I performed my first abortion when I was twenty-five years old. I didn’t want to: I had seen abortions performed before and knew the procedure was messy and brutal. The women were lightly anaesthetised, unparalysed, not intubated. Sometimes a woman would twitch, even flinch, under the anaesthesia as her cervix was dilated and her uterus evacuated. I wondered if any of the women knew in a visceral sense what was being done to their bodies. Being pregnant, and then not; afraid, and then less so, the immediate problem solved, the deeper concerns of poverty and violence left untouched by my team. I would see them afterwards. No complications. No, you don’t need to pay. Yes, you can go. By the way, would you like a script for the pill?
I wondered if I should make the transition from onlooker to apprentice. In my obstetrics training, this particular surgery was considered optional; there was no pressure to participate. I didn’t have to be in the operating theatre if I felt that being a witness would conflict with my beliefs. But I showed up, mastered my distress, and watched, flinching at the noises and bright lights that never bothered me ordinarily: the unwieldy theatre spotlight, the legs draped, the vagina on show for all to see, the pregnancy hidden within its folds. Under anaesthetic, you leave personhood behind, you become less a conglomeration of thoughts and feelings and more a type of living puzzle while your body is altered in some way, under the knife, as surgeons say. The drapes isolate the region of interest, cover the remainder, a sort of purdah of the animated self, a necessary alibi for the surgeon to enable that invasion of the bodily sanctity that constitutes all surgery. Cold steel cures.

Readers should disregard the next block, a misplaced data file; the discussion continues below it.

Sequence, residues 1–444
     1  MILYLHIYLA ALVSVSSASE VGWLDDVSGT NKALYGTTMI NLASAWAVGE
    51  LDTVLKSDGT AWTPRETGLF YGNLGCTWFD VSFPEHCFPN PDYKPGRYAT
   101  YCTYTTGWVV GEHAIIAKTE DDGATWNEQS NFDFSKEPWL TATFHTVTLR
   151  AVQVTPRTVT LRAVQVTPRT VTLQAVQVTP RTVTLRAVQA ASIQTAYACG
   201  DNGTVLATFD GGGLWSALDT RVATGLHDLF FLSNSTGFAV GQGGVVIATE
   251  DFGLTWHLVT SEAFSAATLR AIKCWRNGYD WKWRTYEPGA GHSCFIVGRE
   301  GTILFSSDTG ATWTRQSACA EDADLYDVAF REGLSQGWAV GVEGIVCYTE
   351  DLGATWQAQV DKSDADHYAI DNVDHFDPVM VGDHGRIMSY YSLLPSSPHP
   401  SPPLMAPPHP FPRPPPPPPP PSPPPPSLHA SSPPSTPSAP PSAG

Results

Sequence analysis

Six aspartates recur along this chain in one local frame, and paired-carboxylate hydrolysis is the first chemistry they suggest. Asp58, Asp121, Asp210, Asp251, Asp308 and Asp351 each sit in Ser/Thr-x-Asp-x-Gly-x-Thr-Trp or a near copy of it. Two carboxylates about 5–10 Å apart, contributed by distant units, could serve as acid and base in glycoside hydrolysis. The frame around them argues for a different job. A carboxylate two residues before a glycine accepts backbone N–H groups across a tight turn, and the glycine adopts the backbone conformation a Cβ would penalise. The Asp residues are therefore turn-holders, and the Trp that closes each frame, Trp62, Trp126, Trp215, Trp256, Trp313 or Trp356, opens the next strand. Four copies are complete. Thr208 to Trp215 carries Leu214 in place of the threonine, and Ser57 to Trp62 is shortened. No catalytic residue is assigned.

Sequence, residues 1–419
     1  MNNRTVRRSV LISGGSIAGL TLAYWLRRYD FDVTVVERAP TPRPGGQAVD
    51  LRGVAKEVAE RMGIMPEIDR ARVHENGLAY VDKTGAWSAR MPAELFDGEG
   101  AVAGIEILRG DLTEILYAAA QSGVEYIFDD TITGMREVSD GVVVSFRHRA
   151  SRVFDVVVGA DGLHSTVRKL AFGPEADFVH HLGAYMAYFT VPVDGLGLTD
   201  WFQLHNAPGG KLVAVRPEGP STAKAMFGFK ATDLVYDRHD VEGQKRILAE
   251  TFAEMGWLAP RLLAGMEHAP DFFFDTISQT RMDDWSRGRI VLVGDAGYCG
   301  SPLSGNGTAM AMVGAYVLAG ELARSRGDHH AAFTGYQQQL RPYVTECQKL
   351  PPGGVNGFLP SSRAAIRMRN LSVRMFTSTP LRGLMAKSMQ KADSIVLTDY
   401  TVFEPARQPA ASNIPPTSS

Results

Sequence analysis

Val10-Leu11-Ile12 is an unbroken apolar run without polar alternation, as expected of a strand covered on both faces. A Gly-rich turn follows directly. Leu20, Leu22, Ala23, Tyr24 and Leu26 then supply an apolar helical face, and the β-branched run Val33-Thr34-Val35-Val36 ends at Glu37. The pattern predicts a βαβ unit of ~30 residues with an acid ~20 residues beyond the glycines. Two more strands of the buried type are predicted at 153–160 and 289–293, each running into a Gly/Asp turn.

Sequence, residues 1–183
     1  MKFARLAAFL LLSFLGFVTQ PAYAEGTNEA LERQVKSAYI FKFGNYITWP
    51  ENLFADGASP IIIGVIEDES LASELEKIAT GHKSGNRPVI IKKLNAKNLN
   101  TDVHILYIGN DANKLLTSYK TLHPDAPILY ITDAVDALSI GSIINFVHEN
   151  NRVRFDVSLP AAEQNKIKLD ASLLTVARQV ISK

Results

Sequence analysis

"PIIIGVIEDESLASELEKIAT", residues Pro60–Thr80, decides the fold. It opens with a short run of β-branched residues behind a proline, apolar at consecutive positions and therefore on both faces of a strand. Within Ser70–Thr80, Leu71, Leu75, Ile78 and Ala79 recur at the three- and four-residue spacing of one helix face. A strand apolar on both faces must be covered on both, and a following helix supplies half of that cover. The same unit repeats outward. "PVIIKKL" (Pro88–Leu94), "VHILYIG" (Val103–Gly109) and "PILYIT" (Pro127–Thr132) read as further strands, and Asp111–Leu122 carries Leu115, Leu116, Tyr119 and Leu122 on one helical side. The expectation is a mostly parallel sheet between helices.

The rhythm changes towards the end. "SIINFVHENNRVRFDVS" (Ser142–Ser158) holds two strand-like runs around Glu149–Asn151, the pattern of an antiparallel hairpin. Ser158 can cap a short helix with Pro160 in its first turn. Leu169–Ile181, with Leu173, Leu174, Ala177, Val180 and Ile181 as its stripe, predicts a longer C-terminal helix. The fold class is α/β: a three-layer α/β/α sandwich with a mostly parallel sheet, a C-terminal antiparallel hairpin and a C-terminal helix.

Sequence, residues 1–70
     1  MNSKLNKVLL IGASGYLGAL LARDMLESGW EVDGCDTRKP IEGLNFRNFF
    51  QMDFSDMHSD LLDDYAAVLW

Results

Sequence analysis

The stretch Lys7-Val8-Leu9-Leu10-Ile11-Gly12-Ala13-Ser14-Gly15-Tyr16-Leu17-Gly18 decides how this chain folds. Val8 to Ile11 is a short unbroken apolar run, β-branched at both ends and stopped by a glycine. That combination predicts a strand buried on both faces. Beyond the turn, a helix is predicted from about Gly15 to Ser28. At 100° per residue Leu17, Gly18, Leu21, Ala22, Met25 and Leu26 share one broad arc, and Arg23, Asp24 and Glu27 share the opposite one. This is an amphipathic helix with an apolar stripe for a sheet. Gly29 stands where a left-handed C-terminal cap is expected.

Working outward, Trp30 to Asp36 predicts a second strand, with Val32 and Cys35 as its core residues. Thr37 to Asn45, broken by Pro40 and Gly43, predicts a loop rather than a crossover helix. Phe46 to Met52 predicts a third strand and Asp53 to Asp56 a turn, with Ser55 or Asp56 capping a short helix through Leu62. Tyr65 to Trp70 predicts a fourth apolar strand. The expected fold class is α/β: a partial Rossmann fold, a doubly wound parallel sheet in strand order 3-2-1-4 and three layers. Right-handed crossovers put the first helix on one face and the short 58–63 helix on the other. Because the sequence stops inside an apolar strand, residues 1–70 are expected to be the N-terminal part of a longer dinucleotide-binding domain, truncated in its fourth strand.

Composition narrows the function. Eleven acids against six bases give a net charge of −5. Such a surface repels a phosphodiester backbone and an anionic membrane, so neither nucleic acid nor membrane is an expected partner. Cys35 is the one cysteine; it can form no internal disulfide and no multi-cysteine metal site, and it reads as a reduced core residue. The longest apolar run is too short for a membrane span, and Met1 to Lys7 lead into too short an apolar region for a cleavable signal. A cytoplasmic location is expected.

The anaesthetist was casual, chatty. It’s a simple procedure; even relatively junior anaesthetic trainees are expected to be up to the task by the end of their first year. He was entitled to sit in the background, legs crossed, his upper foot, clad in bright theatre clogs, rotating counter-clockwise, lazily. The registrar scurried around, trying not to let his anxiety show, the IV line was in, saline running, and the patient was off, unconscious.
I once read an article in the feminist press: ‘An Abortionist Speaks’. The author wrote that there was no room for sitting on the fence. If you believe in abortion and are able to provide them, you should act on your beliefs. To believe in the right to abortion and then fob off the task to others is cowardice. Next day, in theatre, I performed my first abortion. It wasn’t technically difficult – the techniques are similar to those used in miscarriages. There was just more – more tissue – to evacuate. The patient didn’t lose much blood, the procedure was uncomplicated. Though it was messy and loud, it was over in a few minutes. I did a good job, not a great one. There was room for improvement, with practice. Wordlessly, the obstetrician in charge of the list patted me on the shoulder. It was done.